How many stories do you know of that deal with severe disfigurement and war injuries? This one! I promise it’s way, way better than the summary I just gave you.
Brothers Far From Home: The World War I Diary of Eliza Bates, Uxbridge, Ontario, 1916, Jean Little, 2003.
Now there aren’t a lot of books that cover the First World War with the grace and fluidity that this one does, and there’s vanishingly few other books that cover disfigurement and the postwar experience for a YA audience. I love Jean Little, as I’m sure I’ve mentioned many thousands of times before to anyone who will listen, and her own experience with disability really gives this book an aspect of gravity and beauty that I don’t know if it would have had otherwise.
This is a pretty heavy book (as are many First World War books, since as you know there was a great deal of death involved), but it manages to have its moments of comedy without going overboard with it. It’s a remarkably well done little bit of literature. Let’s get going.
Eliza is in the middle of seven children who belong to a minister and his wife in Uxbridge, which is actually not too super far from where I live (which has nothing to do with anything other than being a interesting fact for myself). You know, I feel like the trope of Lonely Middle Child has been somewhat abandoned in recent years, since families with a LOT of kids don’t show up in a lot of literature anymore. Eliza suffers from “not old enough to be with the older kids, too old to be with the little kids,” and has to share a room with her older sister Verity, whom she hates—mostly because Verity sees her as a little kid. It’s hard as an adult not to sympathize with Verity a bit, though—she’s seventeen and hanging out with their brother Jack, who is on his last leave before heading overseas, and his best friend Rufus, same. This is one of those things where as a kid, you’d be on fire with righteous indignation, but having been through the misery of your late teenage years, you completely, completely understand.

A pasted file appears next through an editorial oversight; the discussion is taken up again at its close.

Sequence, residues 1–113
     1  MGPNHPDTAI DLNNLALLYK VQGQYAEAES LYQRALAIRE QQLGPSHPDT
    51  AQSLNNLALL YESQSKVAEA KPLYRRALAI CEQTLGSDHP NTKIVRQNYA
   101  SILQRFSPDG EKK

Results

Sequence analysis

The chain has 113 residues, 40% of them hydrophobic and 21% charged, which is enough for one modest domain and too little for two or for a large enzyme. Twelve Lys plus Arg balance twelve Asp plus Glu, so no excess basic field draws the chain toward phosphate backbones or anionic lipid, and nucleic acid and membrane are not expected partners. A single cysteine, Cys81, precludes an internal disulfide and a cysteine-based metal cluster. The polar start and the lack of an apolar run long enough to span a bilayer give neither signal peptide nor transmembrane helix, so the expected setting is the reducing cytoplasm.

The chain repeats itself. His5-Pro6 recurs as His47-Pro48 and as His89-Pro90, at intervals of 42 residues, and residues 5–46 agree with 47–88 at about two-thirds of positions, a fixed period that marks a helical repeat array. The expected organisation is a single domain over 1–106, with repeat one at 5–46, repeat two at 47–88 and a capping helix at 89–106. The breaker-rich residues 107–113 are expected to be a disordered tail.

I will never, ever, ever learn. These books are tragic and they’re all the same!
Impetuous: Mattie’s Story, Jude Watson, 1996.